To Kill A Mockingbird. The Meaning Of The Title Of To Kill A Mockingbird Essay, Research Paper
In the Harper Lee novel To Kill A Mockingbird, we are lead through the lives of two young siblings, Scout and Jem, during two significant years of their childhood. The story is narrated by Scout, the hot-headed daughter of local lawyer Atticus Finch. In court, Atticus represents a black man charged with the rape of a white girl. The outcome of this trial eventually leads to the demise of the defendant.
Shoot at all the blue jays you want, if you can hit em, but remember, it s a sin to kill a mockingbird.
Atticus Finch, Chapter 10, Page 99.
In the quotation above, Atticus displays his disapproval of senseless destruction. As a young man, he was gifted with excellent marksmanship, and enjoyed shooting doves out of the sky. At some point in his life, he saw that his talent was an unfair advantage over nature, and refused to shoot an animal again unless it was absolutely necessary. Atticus doesn t want his children to kill the blue jays, but if it keeps them away from the mockingbirds, he ll let it pass.
Mockingbirds don t do one thing but make music for us to enjoy. They don t eat up peoples gardens, don t nest in corncribs, they don t do one thing but sing their hearts out for us. That s why it s a sin to kill a mockingbird
Miss Maudie, Chapter 10, Pages 99-100.
Miss Maudie explains to the children why it s a sin to kill a mockingbird. They are harmless creatures that she seems to believe were placed on Gods planet purely to bring happiness to human beings. Tom Robinson is symbolic of the mockingbird. Brought up as a good natured man, he never wished harm upon anyone else, and even though he was a cripple, he did what he could to help others. Mayella Ewell needed his help to chop up some wood, and Tom complied with her request.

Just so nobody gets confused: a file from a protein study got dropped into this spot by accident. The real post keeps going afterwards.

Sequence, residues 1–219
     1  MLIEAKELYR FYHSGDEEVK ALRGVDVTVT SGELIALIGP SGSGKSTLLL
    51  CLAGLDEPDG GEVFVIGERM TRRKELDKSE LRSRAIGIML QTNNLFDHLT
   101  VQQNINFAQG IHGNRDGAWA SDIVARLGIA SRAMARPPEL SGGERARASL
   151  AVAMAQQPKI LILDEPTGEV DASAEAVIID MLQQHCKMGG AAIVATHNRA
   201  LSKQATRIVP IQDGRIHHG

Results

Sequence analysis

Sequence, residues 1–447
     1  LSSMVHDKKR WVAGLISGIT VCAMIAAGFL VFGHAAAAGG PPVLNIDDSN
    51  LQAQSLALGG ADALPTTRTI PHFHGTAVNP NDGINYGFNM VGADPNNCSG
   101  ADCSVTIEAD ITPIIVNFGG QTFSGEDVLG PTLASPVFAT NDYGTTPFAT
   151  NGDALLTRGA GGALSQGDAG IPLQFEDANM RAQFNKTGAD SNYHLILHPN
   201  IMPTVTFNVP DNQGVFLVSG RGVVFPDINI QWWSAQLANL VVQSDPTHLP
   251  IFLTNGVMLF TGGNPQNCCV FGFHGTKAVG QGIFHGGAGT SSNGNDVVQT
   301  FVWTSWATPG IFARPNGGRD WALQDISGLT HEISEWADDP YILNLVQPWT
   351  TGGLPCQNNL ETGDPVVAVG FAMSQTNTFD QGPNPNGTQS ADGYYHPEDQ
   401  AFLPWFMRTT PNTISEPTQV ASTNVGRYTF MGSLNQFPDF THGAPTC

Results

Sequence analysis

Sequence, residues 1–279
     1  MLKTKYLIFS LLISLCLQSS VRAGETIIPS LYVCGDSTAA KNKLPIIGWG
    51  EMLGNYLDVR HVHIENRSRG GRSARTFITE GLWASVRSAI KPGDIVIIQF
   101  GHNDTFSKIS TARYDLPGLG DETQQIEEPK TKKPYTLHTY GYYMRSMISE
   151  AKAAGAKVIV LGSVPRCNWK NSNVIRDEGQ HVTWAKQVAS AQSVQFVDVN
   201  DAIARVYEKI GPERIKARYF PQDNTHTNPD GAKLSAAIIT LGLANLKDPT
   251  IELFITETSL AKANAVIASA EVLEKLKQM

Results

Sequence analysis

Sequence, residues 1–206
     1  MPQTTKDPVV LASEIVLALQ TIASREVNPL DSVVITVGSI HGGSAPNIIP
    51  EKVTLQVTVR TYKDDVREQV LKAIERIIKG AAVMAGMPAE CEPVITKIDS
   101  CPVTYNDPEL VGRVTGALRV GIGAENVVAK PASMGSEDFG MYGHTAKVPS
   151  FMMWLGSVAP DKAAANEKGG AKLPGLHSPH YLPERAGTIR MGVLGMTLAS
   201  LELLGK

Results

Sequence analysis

Mayella pointed the finger at Tom to save her own skin. We can only imagine the horrors that she had undergone at the hand of her father, so the woman who Scout describes as the loneliest person in the whole world only wanted to distance herself from Bob Ewell s unspeakable acts. The trial was really only a formality; a ceremony to make Tom Robinsons conviction official. In the times that this book was set in, no jury would dare to convict a black man over a white one, no matter how circumstantial the evidence may be. Tom Robinson was given his death sentence the second that Mayella Ewell screamed.
Tom is not the only mockingbird type character in the novel. There is Arthur Boo Radley, the neighbourhood legend/phantom who has been kept a virtual prisoner in his own home by the viscous rumors circulated by his shallow neighbours. Frowned upon as a delinquent teenager, the town judge let him free from his crimes on a promise from Mr Radley (Arthur s father), that no further trouble would be caused. So from that point, Boo (as he was affectionately by the community) never left the house in daylight. Night time, however, was when he would reportedly roam around the streets of Maycomb, putting his evil powers to work. If your Azaleas froze in cold weather, he must ve breathed on them. When the corpses of mutilated domestic animals were found, he was immediately blamed. Even when the real culprit was discovered, passers by still sped up as they walked past the Radley house. He was a universal scapegoat simply because his introverted personality made him an easy target; a whipping-boy who s punishment was total isolation and rejection by almost all those around him.
In To Kill A Mockingbird, Harper Lee has shown his anger at the gross injustices that were committed during this period of wide spread racial hatred in the Southern states of the USA. The situations in the novel still occur today, with workers for peace being assassinated just for wanting to have a safe existance (example: Yitzhak Rabin). Tom and Arthur were punished only for being different to the norm, and this was a sin.